Developmental science grows up
Developmental science is a discipline rife with opportunities for impact, both across fields within academe, and on the public: It sits at the interface between cognitive psychology, neuroscience, health, and education. Moreover, a deeper understanding of longitudinal predictors of educational outcomes has great potential to influence policy. However, a huge challenge for early career researchers in developmental science is to establish early routes to impact emerging from their research.
It is easy to cast learning science as worthy of investigation, but it is often only when researchers have accumulated a wealth of findings and completed projects that this impact begins to influence practitioners and policy makers. How can learning scientists at the beginning of their career develop the tools needed to maximise interactions that will ultimately lead to their work having impact? Bodies bringing together researchers at all levels of their careers are increasingly attempting to support this transition, and for excellent reasons: Without guidance and support, early career researchers can lose track of applied and translational potential of their work, caught up in the gruelling search for “the next postdoctoral fellowship”.
I believe that an important set of tools in this process are, first, opportunities fostering points of contact between learning scientists, practitioners, and policy makers from very early on in the process of developing research questions. Second, excellent mentoring, both from senior scientists and other young researchers, can provide inspiration and practical directions.
Recently, two fantastically dynamic graduate students and I decided to set up an initiative that we hope will provide some tools to early career researchers along these two dimensions – interactions and mentoring. We set up the “Development – Impact and Science Early Career Network” (DISCERN) to foster ongoing dialogue between basic researchers and practitioners, in particular for early career researchers in this area, by extending to online fora the opportunities that normally only emerge at meetings. For example, one of our meetings focused on targeting interactions across researchers working on neurodevelopmental disorders, and one focused on making applied links with teachers and practitioners.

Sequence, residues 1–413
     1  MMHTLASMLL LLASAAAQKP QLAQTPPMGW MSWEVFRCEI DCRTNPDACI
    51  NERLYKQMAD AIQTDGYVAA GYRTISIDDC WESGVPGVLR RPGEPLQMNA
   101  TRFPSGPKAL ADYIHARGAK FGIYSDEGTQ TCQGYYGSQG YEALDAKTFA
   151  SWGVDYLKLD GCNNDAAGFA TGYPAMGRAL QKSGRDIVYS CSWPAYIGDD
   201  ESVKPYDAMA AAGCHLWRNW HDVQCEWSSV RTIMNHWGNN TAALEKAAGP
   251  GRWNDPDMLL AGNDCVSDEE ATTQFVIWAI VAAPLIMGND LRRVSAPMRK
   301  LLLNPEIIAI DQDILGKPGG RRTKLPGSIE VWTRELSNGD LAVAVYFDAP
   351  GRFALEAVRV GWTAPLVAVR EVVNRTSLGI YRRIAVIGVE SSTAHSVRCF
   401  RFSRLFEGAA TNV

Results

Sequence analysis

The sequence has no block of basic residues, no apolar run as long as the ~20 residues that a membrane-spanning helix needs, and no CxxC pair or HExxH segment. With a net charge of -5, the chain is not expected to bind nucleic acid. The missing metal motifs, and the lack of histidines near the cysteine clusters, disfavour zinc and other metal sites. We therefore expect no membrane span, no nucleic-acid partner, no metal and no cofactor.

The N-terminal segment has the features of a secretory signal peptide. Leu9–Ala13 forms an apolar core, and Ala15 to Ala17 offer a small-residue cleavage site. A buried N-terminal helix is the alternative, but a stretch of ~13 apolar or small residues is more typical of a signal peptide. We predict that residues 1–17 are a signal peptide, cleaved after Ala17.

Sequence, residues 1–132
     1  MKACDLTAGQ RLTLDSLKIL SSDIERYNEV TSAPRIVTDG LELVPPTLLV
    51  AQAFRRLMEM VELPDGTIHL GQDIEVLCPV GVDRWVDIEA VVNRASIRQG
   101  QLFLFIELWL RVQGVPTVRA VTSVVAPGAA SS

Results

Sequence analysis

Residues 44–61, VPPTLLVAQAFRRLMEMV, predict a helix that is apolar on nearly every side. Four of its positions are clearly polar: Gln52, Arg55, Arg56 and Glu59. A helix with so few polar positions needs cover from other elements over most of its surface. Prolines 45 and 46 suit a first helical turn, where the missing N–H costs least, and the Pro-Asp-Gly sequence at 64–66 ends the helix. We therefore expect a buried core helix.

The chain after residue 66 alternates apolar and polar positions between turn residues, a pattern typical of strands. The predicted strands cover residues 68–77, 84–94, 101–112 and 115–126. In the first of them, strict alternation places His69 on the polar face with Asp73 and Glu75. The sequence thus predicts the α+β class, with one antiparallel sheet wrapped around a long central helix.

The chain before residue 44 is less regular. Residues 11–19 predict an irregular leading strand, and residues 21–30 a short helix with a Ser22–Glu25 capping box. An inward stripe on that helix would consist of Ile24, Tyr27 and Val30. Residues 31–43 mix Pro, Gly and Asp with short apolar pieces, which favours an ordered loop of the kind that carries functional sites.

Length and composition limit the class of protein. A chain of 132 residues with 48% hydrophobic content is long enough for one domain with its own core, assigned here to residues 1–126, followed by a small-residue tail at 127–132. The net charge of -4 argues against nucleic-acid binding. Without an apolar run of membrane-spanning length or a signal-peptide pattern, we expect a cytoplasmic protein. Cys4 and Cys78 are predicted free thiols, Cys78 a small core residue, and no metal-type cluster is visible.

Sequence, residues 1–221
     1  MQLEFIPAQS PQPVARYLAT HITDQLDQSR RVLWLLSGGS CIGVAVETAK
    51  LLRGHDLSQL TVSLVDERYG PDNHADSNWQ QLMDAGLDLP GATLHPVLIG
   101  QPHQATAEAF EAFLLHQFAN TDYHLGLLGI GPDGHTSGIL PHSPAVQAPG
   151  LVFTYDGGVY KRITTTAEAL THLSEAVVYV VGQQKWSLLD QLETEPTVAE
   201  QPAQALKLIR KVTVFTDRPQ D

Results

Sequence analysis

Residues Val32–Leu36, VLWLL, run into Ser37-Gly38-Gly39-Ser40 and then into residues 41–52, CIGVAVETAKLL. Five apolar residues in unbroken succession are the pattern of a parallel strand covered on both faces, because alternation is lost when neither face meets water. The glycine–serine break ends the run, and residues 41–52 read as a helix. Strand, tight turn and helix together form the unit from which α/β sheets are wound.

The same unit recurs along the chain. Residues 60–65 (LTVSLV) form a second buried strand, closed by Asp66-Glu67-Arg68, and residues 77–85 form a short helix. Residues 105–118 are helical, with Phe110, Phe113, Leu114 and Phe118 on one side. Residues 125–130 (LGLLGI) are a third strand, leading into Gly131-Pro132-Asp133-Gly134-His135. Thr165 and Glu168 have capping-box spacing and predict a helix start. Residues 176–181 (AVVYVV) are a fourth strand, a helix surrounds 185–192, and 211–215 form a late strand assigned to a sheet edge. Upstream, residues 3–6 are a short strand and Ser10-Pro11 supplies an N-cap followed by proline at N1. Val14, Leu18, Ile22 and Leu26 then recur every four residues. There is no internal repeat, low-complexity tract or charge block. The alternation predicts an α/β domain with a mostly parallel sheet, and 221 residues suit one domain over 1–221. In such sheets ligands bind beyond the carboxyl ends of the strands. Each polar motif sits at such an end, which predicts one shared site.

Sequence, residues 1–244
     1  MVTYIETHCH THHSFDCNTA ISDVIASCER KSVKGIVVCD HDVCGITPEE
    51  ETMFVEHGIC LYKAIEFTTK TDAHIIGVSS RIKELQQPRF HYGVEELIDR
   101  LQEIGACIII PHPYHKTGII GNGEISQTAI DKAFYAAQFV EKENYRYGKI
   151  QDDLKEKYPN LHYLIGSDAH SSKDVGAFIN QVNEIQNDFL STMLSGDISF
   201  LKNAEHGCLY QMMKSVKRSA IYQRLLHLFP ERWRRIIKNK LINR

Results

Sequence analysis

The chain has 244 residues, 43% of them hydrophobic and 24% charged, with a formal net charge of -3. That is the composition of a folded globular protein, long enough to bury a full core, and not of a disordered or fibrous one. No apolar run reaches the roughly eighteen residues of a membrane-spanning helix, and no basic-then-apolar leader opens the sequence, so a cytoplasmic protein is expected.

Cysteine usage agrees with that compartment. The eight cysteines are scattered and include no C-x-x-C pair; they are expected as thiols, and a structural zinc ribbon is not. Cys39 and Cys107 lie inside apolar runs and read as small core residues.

“It is easy to cast learning science as worthy of investigation, but it is often only when researchers have accumulated a wealth of findings and completed projects that this impact begins to influence practitioners and policy makers.”
Discussions at those meetings generated an interest in evaluating how big data may foster the future of developmental science, and this interest in turn generated the momentum for organising a series of workshops on this topic, again attended (and led) by early career researchers. These training events were made publicly available. Mentoring opportunities were flagged as needed by many early career researchers we worked with. A recent aim of DISCERN has therefore been to link multiple interconnected open access resources relevant to mentoring for early career researchers in the discipline.
Responses from social media audiences, meeting and workshop attendees, as well as online tool users, have been extremely positive. We believe that our small experience is a call for future large initiatives in developmental science to keep an eye out for developing researchers.
The Flux Congress acts as a forum for developmental cognitive neuroscientists to share their findings, expand their knowledge base, and be informed of translational approaches. This conference, taking place in Portland September 16-18, 2017, is designed for scientists who use neuroimaging techniques to understand age related changes in brain function and structure.
The author of this blog post, Gaia Scerif, spoke about the dynamics of attention development during the Flux Congress.